QUEER “FISH” FOR COSTLY SOUP (Feb, 1909)
QUEER “FISH” FOR COSTLY SOUP
By W.G. FITZ-GERALD and H. H. DUNN
VERY great banquet begins with turtle soup, so that the traffic in these curious creatures is naturally a very profitable one, though extremely precarious withal. In the first place, while there are a great variety of turtles in tropic waters, only one kind is of any use for the much-sought soup. Some of these curious “fish,” as they are called, turn the scale at 800 pounds, yet are quite useless in the caterer’s kitchen. Others again, like the hawksbill, yield tortoise-shell, and the covering of one specimen may be worth $50.
But the true edible turtle is a comparatively small fellow of about 170 pounds, and comes from West Indian and California waters. Doctors have placed beyond doubt the fact that soup made from the green fat of these creatures has marvelous nutritive powers, and has saved the lives of many invalids and children. The headquarters of the trade are at Kingston, Jamaica, but most of the fishing and trapping is done on the lonely coral reefs, just to the north of the earthquake-ridden island.
At present nearly twenty schooners and over 150 men are employed in taking turtles mainly for the New York, London and Paris markets. They set sail from Kingston before dawn, and when they arrive on the fishing ground they stretch strong twine nets from rock to rock.
The victims are curiously stupid, and the moment they find their flippers or legs entangled they only cling the more closely to the fatal meshes. Then there is nothing for the men to do but venture into the shallow water and seize their prey: It is worth noting that serious injury is often inflicted upon these strange fishermen, who are badly bitten or else gashed by powerful blows from the turtles’ fins.
In due time, however, they return to their island headquarters with perhaps a couple of hundred of the valuable edible turtles. So expensive is the product, however, and so uncertain is it that the turtles shall be landed alive in New York or London that the demand is regulated artificially. In other words the turtle trappers know each month precisely how many “fish” they are to take. Otherwise quite useless expense would be incurred in shipping any over and above the required number.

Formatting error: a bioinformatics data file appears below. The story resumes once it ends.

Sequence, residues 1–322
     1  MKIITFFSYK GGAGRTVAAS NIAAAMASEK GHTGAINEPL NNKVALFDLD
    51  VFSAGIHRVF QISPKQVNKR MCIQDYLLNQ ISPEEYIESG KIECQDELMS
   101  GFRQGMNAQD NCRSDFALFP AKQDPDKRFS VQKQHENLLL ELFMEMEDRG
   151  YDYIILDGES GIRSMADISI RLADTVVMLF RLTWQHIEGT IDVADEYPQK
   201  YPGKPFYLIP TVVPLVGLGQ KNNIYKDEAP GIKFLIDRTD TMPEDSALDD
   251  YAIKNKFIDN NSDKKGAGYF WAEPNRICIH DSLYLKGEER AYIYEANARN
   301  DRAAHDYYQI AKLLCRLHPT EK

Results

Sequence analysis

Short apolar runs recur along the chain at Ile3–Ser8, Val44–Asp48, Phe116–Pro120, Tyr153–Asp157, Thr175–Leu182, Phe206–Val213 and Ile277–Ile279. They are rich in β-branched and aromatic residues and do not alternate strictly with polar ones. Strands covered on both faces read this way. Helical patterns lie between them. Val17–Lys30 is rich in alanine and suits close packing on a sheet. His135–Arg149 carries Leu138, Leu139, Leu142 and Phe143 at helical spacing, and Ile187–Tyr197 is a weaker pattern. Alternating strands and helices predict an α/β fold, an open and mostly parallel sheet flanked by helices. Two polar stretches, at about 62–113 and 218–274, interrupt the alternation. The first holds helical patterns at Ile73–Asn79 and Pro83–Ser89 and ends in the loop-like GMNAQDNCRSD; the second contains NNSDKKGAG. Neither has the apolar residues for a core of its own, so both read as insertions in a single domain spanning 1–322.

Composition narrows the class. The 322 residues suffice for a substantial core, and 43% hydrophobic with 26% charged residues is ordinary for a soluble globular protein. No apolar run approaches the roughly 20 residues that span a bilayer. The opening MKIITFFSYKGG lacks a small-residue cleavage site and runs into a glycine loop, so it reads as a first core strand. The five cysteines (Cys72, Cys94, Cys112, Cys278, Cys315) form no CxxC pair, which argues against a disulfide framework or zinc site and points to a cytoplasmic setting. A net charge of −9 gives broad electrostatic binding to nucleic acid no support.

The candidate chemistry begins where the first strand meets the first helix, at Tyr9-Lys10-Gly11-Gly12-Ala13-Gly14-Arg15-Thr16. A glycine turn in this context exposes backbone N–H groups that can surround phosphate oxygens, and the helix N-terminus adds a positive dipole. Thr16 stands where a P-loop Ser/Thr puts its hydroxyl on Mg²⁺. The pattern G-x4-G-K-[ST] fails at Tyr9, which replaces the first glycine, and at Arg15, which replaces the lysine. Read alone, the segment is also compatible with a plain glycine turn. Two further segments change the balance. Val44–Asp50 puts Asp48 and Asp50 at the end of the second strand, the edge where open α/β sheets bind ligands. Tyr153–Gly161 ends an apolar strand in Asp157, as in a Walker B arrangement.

The transport of the creatures is a most precarious business. Sometimes more than one-half the entire consignment will die on board the mail steamer in spite of constant feeding and spraying with salt water several times a day. Moreover, even when they arrive in New York or London others die in great numbers on the way from the railroad station to the importer’s headquarters.
For this reason some of the trucks or wagons are filled with portable hot water apparatus lest the queer “fish” get a fatal chill on the journey through the streets. New York alone imports 3,000 choice specimens every year and London as many more. The wholesale price charged to the importer is about twenty-five cents a pound. The curious thing. is that although the turtle is so susceptible to cold, his vitality in the kitchen, even after his head has been cut off, is altogether amazing.
One of the accompanying photographs shows a small part of the strange cargo of the steamer Curacao, which arrived at San Pedro, California, recently, after a short cruise in Lower California waters. This vessel brought hundreds of turtles, caught at sea and on the shores of coastwise islands to feed the epicures of Los Angeles, San Francisco and even as far north as Portland.
These huge marine turtles belong to the variety known as green turtles, and are not closely related to the giant land tortoises of the Galapagos Islands, the insular Chelonians being believed to be the oldest creatures known to man and the largest of their kind now in existence.
The edible turtles are caught in the following manner: On bright, moonlit nights the turtle hunters, leaving their ships in large boats, land on the broad, sandy beach of some tropical lagoon. There they find tracks of the female turtles leading from’ the water back to the dry sandhills. There the turtles are busily engaged laying their eggs, and, when they have finished, they waddle back to the sea.
It is on these return trips that the hunters catch the turtles. Rushing up to the turtle, two men seize her, one by a fore flipper, the other by a hind flipper, both on the same side. With a united effort they throw her over on her back, where she lies helplessly beating the air with her huge flippers, unable to turn back into a walking posture.
Then stout ropes are brought and the turtles, scores of which are sometimes caught in a single night, are hurried off to the steamer.- Some of these turtle-hunting boats carry tanks for their hard-shelled game, but as a rule the turtles are allowed to roll around on the deck, as shown in the photograph. Each of these turtles means several dollars to the man at the head of the expedition, if he can land them alive in almost any American port.
There is, however, the inevitable bad side to this business of turtle hunting. The constant killing off of the female Chelonians is gradually resulting in the extermination of the green turtles in many localities where they once were more than abundant.” Thus, it would seem, by failing to hunt and kill a majority of the males and letting more of the females live, the turtle hunters are slowly but surely killing the goose that lays the golden egg.